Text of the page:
There is no arguing that motherhood impacts a woman's career. The extent of that impact depends on many factors, the most important being timing.
The impact of timing on a mother's career is gong to be gauged by the following:
- The woman is already established in her career.
- The woman is just starting out in the job market.
- The woman is attempting to reenter the workforce
The already established career woman
Motherhood creates a new focus. The woman's career will shift to less important than her role as mother. This change of priorities could potentially result in distraction, a decrease in energy and ambition, reluctance to take on involved projects, and monumental "mother- guilt" interfering with creative abilities.
The female employee's motherhood status could potentially decrease her value in the eyes of superiors, who might question her dedication, and view her as a less viable candidate for promotions and special projects.
Motherhood might have a negative impact on her earning potential and opportunities for advancement.
The woman just starting out in the job market
Motherhood might potentially limit the opportunities of a woman seeking gainful employment. While a man can measure how his qualifications align with the available job and base his acceptance or rejection on that simplistic basis, a woman has a more complicated decision.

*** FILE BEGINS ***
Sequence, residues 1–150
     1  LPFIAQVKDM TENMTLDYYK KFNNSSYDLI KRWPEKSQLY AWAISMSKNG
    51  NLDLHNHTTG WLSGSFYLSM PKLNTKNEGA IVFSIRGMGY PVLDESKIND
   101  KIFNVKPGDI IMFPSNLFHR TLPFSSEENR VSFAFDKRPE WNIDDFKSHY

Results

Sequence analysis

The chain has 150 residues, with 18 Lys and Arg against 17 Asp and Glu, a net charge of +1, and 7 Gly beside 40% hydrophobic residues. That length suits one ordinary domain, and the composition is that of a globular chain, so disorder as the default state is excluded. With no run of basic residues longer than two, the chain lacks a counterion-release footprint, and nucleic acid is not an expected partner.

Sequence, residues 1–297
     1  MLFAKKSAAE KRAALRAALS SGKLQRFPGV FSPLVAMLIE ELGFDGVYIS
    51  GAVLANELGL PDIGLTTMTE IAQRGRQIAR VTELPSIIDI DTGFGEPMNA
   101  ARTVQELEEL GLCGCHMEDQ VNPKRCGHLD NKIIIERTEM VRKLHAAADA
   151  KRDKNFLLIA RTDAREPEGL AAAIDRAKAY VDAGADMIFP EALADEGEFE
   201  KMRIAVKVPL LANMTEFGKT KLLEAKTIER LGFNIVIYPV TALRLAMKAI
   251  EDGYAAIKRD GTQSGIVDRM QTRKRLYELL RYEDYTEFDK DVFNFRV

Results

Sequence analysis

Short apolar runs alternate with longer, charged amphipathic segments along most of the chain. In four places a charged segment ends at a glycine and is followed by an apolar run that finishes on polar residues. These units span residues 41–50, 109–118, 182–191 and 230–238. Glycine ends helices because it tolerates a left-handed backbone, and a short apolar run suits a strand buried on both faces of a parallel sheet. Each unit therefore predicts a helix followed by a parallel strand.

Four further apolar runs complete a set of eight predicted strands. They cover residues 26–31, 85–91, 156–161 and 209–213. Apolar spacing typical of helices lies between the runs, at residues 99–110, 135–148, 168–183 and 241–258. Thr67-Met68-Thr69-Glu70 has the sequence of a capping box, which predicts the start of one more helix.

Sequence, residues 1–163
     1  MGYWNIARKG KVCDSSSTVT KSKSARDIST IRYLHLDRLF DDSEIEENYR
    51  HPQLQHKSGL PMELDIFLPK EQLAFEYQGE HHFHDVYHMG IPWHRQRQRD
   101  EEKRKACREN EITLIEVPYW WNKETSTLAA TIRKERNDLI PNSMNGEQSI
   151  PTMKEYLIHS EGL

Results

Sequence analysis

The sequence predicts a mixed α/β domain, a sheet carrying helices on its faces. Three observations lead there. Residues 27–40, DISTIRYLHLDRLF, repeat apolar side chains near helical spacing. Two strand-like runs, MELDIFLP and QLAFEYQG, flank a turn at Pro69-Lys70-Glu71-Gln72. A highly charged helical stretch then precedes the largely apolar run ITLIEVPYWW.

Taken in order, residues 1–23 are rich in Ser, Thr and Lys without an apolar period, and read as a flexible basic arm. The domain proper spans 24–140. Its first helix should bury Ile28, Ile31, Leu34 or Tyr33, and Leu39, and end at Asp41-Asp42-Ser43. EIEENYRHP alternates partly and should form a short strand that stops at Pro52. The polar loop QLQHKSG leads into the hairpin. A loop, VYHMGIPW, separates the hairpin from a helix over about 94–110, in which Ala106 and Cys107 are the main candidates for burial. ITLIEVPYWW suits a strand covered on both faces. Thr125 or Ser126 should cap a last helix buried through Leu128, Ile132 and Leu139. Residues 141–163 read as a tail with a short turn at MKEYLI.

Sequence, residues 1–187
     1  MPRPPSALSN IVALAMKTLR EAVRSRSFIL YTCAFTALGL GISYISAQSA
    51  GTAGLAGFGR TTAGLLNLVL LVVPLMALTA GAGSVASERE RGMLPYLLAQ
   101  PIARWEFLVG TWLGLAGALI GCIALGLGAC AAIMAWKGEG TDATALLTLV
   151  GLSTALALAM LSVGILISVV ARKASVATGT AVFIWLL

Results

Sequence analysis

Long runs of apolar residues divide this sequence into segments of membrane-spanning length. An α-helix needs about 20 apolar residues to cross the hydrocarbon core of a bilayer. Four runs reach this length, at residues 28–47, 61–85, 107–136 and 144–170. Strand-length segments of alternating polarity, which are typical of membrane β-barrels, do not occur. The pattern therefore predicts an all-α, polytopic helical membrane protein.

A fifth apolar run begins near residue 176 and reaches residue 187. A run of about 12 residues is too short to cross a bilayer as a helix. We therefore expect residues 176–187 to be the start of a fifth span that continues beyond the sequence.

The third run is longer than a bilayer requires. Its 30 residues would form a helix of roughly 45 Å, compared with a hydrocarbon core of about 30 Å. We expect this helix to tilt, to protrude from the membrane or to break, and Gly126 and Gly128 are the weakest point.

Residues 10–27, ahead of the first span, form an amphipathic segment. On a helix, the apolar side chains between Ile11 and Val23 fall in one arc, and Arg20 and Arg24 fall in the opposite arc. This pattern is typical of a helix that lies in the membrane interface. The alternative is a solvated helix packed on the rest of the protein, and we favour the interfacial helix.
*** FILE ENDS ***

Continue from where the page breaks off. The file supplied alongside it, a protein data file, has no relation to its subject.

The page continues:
How the position will coordinate with her already full plate, the hours, the commute, the level of responsibility, availability of childcare; all must be measured against the cost to her child's well-being.
Motherhood might impact the type of job a woman chooses. She might opt for part time or a night shift. She could sacrifice higher earnings to work at home, or abandon career plans for the duration of her child's formative years.
Motherhood at this early stage of a woman's career has a deep impact on her choices, earning potential, and possibly, her intellectual fulfillment.
The woman attempting to reenter the workforce
A woman who has put her career on hold while raising her children will have a challenge recouping those lost years when she attempts to reenter the workforce. Her skills might be outdated, she will not have a current resume of work experience and she could potentially have to start all over in an entry-level position, beneath her capabilities.
Her job performance could be impacted by, separation anxiety over how her child will cope without her supervision, dilemmas over her child's sick days and extra-curricular activities, excessive guilt.
At whatever point in her life a woman pursues a career outside of the home, in addition to her career as a mother, she will be operating under two handicaps: Excessive fatigue and overwhelming guilt.
Working mothers are continually in the position of choosing between the needs of their children and the obligations to their career. They will juggle the two to the point of exhaustion and suffer guilt toward both every step of the way.
Successfully balancing a career and motherhood is difficult, but it is accomplished every day by many women, and is a testament to the determination and strength of character possessed by the female gender.